Insecticidal soaps contain the active ingredient potassium salts of fatty acids, which penetrate and disrupt the cuticle that holds moisture inside insects' bodies. When sprayed with soap, many soft-bodied insect pests, such as aphids, dry out and die. Some pests, especially beetles with hard bodies, remain unaffected, however. To make soaps more effective, some products combine soap with pyrethrins, a botanical insecticide that's described later in this chapter.
Insecticidal soap is nontoxic to humans and other animals, and breaks down quickly in the environment. If you use a concentrated product, dilute it with soft water before use for the best effect. Hard or mineral-rich water decreases its effectiveness.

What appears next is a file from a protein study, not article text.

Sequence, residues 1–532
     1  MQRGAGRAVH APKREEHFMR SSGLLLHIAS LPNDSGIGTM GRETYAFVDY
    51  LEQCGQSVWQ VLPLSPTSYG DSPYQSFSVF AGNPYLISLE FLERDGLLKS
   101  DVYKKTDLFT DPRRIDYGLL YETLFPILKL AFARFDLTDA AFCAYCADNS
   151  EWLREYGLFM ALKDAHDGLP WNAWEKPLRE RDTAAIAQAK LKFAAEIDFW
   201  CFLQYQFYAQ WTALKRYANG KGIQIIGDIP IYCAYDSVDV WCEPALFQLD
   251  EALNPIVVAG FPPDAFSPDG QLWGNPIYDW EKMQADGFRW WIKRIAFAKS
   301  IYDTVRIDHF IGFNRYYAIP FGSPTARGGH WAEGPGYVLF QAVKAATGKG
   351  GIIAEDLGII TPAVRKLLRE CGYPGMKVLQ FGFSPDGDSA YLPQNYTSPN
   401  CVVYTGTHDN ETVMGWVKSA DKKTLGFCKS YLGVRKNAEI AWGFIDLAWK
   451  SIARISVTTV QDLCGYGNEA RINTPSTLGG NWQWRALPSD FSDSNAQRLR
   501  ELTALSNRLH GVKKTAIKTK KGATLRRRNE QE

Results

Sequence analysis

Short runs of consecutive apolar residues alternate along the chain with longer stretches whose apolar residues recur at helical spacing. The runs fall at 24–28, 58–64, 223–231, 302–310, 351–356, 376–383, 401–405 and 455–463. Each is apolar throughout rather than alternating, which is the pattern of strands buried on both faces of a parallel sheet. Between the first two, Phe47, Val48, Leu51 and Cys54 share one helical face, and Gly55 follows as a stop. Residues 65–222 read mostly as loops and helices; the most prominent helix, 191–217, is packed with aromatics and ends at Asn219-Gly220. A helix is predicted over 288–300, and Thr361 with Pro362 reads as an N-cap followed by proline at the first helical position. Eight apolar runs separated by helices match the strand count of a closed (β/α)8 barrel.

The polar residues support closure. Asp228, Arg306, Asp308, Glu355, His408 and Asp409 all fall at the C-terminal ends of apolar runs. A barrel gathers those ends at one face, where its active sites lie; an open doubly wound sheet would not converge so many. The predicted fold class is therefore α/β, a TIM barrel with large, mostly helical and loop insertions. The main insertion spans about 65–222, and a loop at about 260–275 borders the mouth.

The downside to insecticidal soap is that it also disrupts the waxy cuticle on some plants, making it toxic to young and thin-leafed plants, especially tomatoes. If you aren't sure of the plant's sensitivity to the product, always test it on a leaf or two, and allow a couple of days to pass before spraying a whole plant. Follow the label directions carefully.
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